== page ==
What typically comes to mind when we think of lactose is dairy. So if we have to avoid lactose we tend to think that means no milk, yoghurt, and cheese. Now I love some crumbled feta on my salads, and when I picture a social gathering a quality cheese board is a given. If you are the same, then I have good news!
So what exactly is lactose?
Lactose is a type of sugar, and is the FODMAP found in dairy products. Dairy can trigger IBS symptoms in some people, as they can’t absorb the lactose contained in dairy products. Our stomachs contain the enzyme (protein) lactase, which is responsible for breaking down lactose for normal absorption.
People commonly can’t tolerate lactose due to a lack of the enzyme lactase. Without enough lactase our body cannot breakdown lactose from dairy products, so it can’t be absorbed. This malabsorption usually causes symptoms such as diarrhoea, bloating, wind, and stomach cramps.
Is lactose in all dairy products?
Now here comes the good news! During the processing of dairy products such as cheese and yoghurt, fermentation occurs. This is where some of the lactose gets converted to lactic acid, removing much of the lactose.
So which cheeses are a safe option?
Hard cheeses such as cheddar, parmesan, swiss and gouda are low-lactose or lactose-free. Aged or ‘ripened’ cheeses are often virtually lactose-free. Any cheese can be aged/ripened and commonly include brie, camembert, cheddar, and feta.
Which cheeses should I avoid?
If lactose doesn’t agree with you, then be wary of cheeses containing moderate amounts of lactose. Cheeses with a moderate lactose content include cream cheese, ricotta, haloumi, and mascarpone. Some of these may be tolerated in small amounts, such as 1-2 tablespoons of ricotta.
What to look out for when choosing a cheese
There are a few things you can look for when strolling down the cheese aisle:
- Look at the ‘sugars’ column on the nutrition information panel of the cheese packet. Lactose is milk sugar, so any lactose will be declared in this line. If the sugar column is 0g, then the cheese is lactose-free or very low-lactose. When doing this, check the ingredients list for added sugars (although sugar isn’t usually added to cheese products). If there does happen to be added sugar, this would appear in the ‘sugars’ column and make it hard to distinguish the lactose content.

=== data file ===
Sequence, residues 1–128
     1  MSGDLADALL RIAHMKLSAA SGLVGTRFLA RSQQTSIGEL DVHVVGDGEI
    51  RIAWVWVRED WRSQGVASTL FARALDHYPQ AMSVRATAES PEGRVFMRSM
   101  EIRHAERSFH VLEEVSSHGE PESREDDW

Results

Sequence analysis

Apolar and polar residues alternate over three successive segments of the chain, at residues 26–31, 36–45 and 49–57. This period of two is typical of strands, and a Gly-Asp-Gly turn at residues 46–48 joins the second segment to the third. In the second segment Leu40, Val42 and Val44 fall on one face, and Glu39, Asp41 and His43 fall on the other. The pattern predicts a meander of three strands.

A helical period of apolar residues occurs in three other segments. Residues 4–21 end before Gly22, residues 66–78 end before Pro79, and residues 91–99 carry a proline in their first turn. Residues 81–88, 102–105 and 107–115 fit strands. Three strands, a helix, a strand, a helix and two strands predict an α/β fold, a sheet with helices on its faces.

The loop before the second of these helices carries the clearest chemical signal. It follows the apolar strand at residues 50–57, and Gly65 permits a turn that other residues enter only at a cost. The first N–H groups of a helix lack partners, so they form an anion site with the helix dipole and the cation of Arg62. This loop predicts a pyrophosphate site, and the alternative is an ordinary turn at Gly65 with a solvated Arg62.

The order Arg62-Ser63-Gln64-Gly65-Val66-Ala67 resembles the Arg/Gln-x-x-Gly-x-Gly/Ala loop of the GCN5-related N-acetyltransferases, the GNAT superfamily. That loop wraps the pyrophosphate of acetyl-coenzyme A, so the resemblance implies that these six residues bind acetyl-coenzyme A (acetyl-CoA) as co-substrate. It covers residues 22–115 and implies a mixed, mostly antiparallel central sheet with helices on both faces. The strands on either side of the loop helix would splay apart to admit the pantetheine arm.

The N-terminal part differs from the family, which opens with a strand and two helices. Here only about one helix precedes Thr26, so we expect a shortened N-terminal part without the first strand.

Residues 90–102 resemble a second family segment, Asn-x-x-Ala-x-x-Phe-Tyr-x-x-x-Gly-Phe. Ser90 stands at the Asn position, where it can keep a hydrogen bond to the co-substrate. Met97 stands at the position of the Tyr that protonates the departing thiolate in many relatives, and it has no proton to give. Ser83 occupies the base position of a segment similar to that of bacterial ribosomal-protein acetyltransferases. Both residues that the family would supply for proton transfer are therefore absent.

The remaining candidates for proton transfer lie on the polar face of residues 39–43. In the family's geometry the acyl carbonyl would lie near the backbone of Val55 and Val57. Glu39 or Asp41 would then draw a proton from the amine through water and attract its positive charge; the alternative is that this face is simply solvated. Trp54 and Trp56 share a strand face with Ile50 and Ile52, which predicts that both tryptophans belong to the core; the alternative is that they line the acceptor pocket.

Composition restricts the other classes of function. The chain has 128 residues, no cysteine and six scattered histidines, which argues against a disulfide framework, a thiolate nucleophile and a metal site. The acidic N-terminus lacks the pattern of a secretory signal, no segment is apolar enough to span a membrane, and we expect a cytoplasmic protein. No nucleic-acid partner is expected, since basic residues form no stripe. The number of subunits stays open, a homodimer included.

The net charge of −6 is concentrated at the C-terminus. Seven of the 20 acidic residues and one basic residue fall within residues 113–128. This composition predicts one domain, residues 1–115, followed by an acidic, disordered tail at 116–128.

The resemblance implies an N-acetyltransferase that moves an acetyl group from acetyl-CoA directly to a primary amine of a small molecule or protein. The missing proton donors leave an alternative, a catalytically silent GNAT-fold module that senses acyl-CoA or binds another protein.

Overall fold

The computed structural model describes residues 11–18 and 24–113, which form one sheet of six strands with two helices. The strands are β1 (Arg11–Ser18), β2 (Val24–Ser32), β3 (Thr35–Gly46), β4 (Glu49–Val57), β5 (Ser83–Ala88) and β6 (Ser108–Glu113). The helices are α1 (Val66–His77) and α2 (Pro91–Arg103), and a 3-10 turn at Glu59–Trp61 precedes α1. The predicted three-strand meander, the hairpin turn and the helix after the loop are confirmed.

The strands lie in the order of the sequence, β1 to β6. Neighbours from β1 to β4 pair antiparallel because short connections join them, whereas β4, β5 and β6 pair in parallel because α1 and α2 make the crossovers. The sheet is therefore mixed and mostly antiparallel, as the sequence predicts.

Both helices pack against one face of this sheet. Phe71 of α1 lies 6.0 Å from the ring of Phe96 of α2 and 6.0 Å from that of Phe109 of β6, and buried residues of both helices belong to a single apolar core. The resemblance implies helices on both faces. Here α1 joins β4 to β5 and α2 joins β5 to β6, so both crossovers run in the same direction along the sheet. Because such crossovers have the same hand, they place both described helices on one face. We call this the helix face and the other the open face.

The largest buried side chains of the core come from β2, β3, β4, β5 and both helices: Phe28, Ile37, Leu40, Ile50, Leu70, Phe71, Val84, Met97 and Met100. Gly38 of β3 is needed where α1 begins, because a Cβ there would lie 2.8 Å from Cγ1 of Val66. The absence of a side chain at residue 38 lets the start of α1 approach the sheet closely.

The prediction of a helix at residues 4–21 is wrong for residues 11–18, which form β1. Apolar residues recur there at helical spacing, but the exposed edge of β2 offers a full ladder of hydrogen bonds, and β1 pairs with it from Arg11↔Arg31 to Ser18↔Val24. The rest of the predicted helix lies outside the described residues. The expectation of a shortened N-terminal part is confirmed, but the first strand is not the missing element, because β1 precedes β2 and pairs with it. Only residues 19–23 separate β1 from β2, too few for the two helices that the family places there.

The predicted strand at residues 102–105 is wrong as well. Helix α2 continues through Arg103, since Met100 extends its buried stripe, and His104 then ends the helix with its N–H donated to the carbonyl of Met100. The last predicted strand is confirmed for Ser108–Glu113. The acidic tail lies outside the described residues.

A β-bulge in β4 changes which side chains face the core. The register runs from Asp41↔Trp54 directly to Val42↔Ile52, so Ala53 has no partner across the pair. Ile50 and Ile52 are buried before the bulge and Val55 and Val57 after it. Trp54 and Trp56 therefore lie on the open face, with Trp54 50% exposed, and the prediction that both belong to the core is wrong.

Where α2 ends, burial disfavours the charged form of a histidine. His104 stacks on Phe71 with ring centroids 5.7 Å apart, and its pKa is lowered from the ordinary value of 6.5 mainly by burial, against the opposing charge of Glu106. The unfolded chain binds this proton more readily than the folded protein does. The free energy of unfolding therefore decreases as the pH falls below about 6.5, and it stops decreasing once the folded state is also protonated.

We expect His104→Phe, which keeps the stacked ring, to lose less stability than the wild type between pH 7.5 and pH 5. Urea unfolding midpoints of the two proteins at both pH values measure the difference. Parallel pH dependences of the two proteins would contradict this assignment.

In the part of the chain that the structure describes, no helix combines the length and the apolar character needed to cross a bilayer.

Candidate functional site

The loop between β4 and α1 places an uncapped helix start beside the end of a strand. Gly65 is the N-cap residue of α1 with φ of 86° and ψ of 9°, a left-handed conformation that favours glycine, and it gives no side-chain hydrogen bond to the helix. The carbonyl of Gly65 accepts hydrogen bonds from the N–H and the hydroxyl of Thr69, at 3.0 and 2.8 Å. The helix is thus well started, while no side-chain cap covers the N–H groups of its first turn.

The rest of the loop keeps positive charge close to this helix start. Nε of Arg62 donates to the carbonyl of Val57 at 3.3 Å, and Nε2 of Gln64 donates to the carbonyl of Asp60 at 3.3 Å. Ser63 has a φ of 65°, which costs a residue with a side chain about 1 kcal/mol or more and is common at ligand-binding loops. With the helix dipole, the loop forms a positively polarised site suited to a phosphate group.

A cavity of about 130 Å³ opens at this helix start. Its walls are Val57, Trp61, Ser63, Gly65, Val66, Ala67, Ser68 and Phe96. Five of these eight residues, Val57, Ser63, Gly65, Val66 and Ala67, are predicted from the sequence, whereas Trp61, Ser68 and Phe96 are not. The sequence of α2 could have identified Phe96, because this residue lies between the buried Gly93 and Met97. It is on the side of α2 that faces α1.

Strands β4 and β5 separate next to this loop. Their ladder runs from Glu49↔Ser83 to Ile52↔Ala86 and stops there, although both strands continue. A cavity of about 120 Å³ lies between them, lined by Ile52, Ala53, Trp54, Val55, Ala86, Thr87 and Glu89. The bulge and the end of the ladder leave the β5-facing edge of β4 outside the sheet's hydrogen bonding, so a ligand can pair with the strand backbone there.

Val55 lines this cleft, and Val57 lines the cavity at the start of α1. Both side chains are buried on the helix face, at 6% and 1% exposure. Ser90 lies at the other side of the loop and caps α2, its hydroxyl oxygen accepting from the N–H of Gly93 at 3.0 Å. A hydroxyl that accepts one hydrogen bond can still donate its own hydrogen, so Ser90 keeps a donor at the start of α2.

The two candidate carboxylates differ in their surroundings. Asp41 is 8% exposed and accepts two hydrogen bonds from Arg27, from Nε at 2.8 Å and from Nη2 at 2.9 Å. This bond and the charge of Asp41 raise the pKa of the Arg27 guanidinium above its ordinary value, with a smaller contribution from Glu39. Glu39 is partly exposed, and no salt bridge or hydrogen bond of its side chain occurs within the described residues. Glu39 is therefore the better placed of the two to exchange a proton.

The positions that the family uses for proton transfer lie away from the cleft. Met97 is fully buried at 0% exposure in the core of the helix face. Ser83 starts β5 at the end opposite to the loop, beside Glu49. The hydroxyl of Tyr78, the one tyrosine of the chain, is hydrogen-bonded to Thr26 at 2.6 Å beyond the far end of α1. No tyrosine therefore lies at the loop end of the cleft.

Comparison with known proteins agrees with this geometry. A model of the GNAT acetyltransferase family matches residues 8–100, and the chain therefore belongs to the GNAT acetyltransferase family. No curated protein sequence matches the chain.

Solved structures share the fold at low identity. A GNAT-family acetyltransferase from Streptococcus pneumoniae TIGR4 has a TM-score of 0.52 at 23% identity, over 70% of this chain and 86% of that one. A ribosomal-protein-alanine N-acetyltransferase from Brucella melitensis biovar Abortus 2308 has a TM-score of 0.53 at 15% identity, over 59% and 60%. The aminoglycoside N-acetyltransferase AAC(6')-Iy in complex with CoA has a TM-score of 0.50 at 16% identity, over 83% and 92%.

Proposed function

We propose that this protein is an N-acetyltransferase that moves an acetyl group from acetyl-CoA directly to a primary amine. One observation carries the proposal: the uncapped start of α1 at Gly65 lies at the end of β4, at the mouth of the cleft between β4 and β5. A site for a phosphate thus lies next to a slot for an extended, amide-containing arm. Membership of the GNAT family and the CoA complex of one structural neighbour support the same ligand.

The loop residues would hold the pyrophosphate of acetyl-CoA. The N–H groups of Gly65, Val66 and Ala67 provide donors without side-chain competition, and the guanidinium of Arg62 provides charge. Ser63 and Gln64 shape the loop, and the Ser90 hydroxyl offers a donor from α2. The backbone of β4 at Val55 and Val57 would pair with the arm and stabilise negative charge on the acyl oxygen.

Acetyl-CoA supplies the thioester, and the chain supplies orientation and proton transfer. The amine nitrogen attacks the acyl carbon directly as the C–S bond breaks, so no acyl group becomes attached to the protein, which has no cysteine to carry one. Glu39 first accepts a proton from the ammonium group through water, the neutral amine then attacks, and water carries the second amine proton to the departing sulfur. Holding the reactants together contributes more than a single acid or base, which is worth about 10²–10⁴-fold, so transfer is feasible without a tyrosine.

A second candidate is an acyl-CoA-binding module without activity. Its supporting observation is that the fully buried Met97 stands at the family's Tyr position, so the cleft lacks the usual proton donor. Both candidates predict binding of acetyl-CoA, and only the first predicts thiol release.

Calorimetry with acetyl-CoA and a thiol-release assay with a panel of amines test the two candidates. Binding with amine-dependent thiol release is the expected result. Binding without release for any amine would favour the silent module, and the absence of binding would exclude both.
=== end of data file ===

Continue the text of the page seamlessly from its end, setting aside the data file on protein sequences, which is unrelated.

- Go for cheese labelled as matured, ripened, cultured, vintage, or aged. These generally contain little to no lactose.
- If approaching the cheese plate at a function and in doubt, the hard cheese is usually the safest bet.
Don’t go cheese crazy
Even if a cheese is low in lactose, a large quantity may contain enough to upset your stomach. Cheese is high in fat, and too much fat can also trigger IBS symptoms. A good serving size is 2 squares of thinly sliced cheese (40g), a small wedge of camembert or brie, or 5 bite-sized cubes of fetta or hard cheese.
What about lactose and other dairy products?
Like with cheese, during the processing of yoghurt a lot of the lactose is converted into lactic acid. If you’re only mildly intolerant to lactose, then you might be able to tolerate regular yoghurt with no problems. If normal yoghurt doesn’t agree with you, there are some great lactose-free yoghurts available. Be careful when reading the ingredients list, as some yoghurts contain inulin, which is not FODMAP-friendly.
If you can’t tolerate lactose it is best to steer clear of regular milk. Some great alternatives include lactose-free milk and almond milk.
You can also purchase tablets from the chemist which contain the lactase enzyme. These are designed to be taken before eating lactose, and may come in handy as a back-up option if you find they work for you.
Start feeling better now! By signing up to The FODMAP Challenge you will receive meal plans, recipe ideas, and regular support with other resources, such as a private Facebook group, to make this as easy for you as possible.